Unfortunately, for most algorithms, the nature of perl 5 and the way memory is allocated pretty much preclude attempting to code algorithms so that they can make use of the optimisations available through the presence of large L1 and L2 caches. If you don't control the allocation of memory, you have little chance of utilising the benefits that can accrue from processor caches, except accidentally.
I've recently been rediscovering the art (and joy) of coding stuff using macro assembler. Full-blown windows GUI applications in executables of less that 20k, and memory footprints even smaller than typical by an even greater margin. Processing speeds that take your breath away even on my lowly 233Mhz. The one area that requires a completely new mindset from the last time I used assembler, is trying to utilise caching and pipelining to good effect. It's a whole new art that simple didn't exist the last time I played with this stuff.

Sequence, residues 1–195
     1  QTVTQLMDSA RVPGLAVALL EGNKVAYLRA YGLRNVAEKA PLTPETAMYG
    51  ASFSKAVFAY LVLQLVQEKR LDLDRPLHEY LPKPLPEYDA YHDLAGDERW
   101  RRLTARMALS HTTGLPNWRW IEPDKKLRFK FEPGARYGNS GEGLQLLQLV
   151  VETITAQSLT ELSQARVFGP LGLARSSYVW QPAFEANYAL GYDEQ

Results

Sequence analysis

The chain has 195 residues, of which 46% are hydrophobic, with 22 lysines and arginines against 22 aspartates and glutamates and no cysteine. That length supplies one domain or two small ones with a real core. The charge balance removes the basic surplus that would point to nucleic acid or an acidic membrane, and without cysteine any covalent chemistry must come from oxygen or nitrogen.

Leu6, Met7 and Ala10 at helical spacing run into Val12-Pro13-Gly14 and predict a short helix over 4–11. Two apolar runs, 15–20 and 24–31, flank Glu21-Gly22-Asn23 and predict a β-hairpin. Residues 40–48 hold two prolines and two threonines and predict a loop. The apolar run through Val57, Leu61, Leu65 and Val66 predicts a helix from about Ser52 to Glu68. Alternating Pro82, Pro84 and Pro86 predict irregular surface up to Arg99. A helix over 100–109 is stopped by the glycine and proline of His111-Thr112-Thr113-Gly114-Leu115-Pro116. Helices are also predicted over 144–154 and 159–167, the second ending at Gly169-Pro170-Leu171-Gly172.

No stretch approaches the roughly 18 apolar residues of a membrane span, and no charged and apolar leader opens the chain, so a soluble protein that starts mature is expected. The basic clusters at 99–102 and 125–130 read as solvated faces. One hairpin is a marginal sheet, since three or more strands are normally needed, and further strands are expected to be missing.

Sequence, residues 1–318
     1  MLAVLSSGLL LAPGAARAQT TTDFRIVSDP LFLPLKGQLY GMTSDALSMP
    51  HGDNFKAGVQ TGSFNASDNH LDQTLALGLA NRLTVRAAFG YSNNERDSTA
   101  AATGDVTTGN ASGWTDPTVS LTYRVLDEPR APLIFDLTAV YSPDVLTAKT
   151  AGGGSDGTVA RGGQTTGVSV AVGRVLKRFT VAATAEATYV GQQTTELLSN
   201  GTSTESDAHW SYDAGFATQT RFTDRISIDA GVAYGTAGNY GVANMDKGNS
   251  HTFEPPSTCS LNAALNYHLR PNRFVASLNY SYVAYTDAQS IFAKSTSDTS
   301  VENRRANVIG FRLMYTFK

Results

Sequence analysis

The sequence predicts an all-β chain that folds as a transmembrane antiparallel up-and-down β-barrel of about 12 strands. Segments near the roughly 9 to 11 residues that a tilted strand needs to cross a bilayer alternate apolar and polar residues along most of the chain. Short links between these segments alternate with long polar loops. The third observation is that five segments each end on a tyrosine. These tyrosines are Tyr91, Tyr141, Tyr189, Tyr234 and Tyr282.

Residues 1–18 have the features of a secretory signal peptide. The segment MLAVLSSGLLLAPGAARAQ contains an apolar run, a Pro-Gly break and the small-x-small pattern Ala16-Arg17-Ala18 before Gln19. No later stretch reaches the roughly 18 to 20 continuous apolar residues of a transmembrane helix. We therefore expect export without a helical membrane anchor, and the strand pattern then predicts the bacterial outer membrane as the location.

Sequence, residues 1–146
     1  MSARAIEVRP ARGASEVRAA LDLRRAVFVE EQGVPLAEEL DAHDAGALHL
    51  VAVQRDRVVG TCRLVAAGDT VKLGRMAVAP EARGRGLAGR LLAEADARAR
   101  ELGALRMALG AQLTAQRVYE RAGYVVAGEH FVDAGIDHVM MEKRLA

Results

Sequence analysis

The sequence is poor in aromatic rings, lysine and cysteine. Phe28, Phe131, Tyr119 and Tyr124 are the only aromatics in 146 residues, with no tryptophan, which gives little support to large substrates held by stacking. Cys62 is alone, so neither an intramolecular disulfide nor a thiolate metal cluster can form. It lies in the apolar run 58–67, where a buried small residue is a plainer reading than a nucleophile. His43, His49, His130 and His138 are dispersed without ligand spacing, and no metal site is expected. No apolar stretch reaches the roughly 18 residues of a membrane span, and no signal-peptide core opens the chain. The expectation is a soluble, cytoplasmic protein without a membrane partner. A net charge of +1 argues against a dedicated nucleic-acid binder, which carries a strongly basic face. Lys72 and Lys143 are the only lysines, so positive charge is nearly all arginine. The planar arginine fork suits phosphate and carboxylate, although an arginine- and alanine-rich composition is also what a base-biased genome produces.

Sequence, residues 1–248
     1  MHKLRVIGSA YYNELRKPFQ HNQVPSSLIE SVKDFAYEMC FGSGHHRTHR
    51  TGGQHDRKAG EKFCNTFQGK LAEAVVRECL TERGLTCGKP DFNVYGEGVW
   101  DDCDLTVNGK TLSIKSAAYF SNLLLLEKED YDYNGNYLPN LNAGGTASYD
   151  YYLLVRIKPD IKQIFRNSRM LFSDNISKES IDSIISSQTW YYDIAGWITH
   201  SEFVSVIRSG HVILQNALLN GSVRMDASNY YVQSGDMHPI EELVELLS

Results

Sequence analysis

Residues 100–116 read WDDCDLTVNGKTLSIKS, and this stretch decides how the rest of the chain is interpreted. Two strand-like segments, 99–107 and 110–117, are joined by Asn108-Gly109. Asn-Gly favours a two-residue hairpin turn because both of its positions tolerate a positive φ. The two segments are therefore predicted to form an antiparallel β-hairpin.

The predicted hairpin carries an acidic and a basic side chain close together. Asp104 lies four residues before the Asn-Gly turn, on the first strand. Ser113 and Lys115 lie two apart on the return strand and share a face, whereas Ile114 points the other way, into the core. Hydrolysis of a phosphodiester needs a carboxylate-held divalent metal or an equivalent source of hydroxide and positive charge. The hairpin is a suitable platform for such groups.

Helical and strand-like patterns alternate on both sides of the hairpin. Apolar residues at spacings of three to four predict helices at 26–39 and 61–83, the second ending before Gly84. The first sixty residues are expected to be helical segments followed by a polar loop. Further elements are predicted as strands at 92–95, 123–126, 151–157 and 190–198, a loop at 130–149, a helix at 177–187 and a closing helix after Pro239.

Examine what is said, not who speaks.
"Efficiency is intelligent laziness." -David Dunham
"When I'm working on a problem, I never think about beauty. I think only how to solve the problem. But when I have finished, if the solution is not beautiful, I know it is wrong." -Richard Buckminster Fuller
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